Syria: The Story of How Jihad Was Declared
By: Nasser Charara
Published Saturday, January 5, 2013
As the Syrian uprising approaches its second year, the Salafi contingent among the opposition is gaining prominence. Al-Akhbar recounts how a group of Salafi activists declared jihad.
A Damascus-based Salafi military leader, who was an ordinary civilian at beginning of the uprising, says that the crisis would not have reached this point “if only President Bashar al-Assad had carried out what he promised me on 21 November 2011.”
Back then, the opposition movement was still largely peaceful, with only a small minority carrying weapons, mostly as a reaction to the security forces killing protesters or their relatives.
The commander remembers the first person to carry a weapon in the movement. He was the father of Moataz al-Shaar, a university student killed in one of the early peaceful demonstrations in Damascus. During his funeral, his father swore that he would get his revenge.
In the demonstration that ensued, Shaar took a pistol and, from amidst the crowd, fired the first bullet of the armed opposition movement, which now counts nearly 300,000 well-armed fighters in its ranks. “Abu Moataz” became an example for many more in the coming months.
In November 2011, the commander met with Assad. It was the first initiative taken by the internal opposition to try to reach some sort of agreement with the regime about how to proceed. At the time, the commander says, his father – a Salafi-leaning imam in Damascus – was in prison.
As he tells it, Assad greeted him at the door of his office and paid close attention to what the commander had to say. “Frankly speaking,” he told the president, “the opposition movement remains relatively peaceful. The solution is for a new mixed government, led by the opposition, to be set up, because the current one represents the regime only and cannot solve the problem.”
Assad’s response was to propose that the opposition organize itself into popularly-based political parties or currents, promising to clear the way for such formations to enter parliament and government by amending the constitution and conducting free elections.
The Call for Jihad
The commander says that the turn to a military solution on the part of the regime came during a visit to Damascus by Russian Foreign Minister Sergei Lavrov, accompanied by the chief of intelligence, who handed Assad an “alternative plan.” This was followed by the government assault on the Baba Amro district in Homs at the beginning of 2012.
It was also around this time that 70 sheikhs from the Syrian Council of Clerics issued a fatwa, or religious edict, that declared jihad in Syria the duty of all Muslims. The Salafi sheikhs understood that the call for jihad had to be introduced in phases in order for many Syrians to accept it.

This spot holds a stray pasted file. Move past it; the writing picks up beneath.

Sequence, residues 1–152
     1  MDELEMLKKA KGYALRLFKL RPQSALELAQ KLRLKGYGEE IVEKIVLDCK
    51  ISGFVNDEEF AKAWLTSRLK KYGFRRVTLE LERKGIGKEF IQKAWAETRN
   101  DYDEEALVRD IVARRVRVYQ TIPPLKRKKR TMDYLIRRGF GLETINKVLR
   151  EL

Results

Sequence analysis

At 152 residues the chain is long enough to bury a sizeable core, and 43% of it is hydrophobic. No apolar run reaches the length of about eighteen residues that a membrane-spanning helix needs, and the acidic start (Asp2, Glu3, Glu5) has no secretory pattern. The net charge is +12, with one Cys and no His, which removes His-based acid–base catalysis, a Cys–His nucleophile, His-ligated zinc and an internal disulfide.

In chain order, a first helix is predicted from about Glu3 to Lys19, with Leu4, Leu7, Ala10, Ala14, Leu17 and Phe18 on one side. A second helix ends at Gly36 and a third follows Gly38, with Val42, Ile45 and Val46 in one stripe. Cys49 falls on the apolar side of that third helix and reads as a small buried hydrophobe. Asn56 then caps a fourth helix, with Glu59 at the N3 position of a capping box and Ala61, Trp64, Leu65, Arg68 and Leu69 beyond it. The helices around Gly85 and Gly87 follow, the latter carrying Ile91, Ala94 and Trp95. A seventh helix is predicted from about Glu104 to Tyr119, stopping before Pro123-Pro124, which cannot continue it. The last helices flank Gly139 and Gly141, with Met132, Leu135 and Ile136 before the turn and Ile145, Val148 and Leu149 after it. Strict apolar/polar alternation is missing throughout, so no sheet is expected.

They had noticed that the early protests were limited to social and economic demands, and when Islamist activists would raise slogans calling for the downfall of the regime, many participants would quickly leave. But soon this began to change and the Islamists were able to call for the execution of the president without alienating the protesters.
Two sheikhs in particular helped lay the groundwork for the rapid growth of Salafism in Syria: Sheikh Mohammed Srour and Sheikh Adnan al-Arour. Both men were once members of the Syrian Muslim Brotherhood who fled to Saudi Arabia, where they were embraced by the ruling family and the Wahhabi clerical establishment.
Srour is credited with creating the juridical framework for the establishment of al-Qaeda by merging Wahhabi Salafism with notions of jihad as espoused by Sayyid Qutb, one of the most influential thinkers of the Egyptian Muslim Brotherhood executed by Gamal Abdul-Nasser in the mid-1960s.
Arour gained notoriety in the early days of the uprising, directing his many followers through Saudi-based satellite television channels. He became the preferred point of reference among Salafi sheikhs in Syria, where he played a key role in popularizing Islamist slogans and practice among opposition protesters.
The Belhaj Model
Islamist insiders today insist that the key group in the movement today is the Ahrar al-Sham Brigades and not the Nusra Front, which receives the most attention. They argue that the leadership of the Ahrar Brigades, after its merger with a number of other Islamists factions over the summer, are the ones who are guiding the movement, particularly on the ideological level.
To this end, the movement has produced a 40-page internal manifesto to organize and direct its members. The document emulates the experience of Abdul-Hakim Belhaj, the Libyan Islamist rebel leader, borrowing the following four points:
1) The call for jihad must be waged under the banner of Islam.
2) Islamic law is to be enforced by setting up specialized councils in the various locales, whose duty it is to apply the law on civilians and combatants alike. News has been circulating recently that a supreme council has also been formed to appoint and oversee the work of local ones.
3) The goal is to establish a state in Syria that is not necessarily religious, with the proviso that it is not based on the military and that it implements Islamic law based on the idea that it is the will of the majority.
4) With the toppling of the regime, the military brigades must dissolve themselves and surrender their weapons to the newly established armed forces, integrating competent fighters into the new Syrian army.
This article is an edited translation from the Arabic Edition.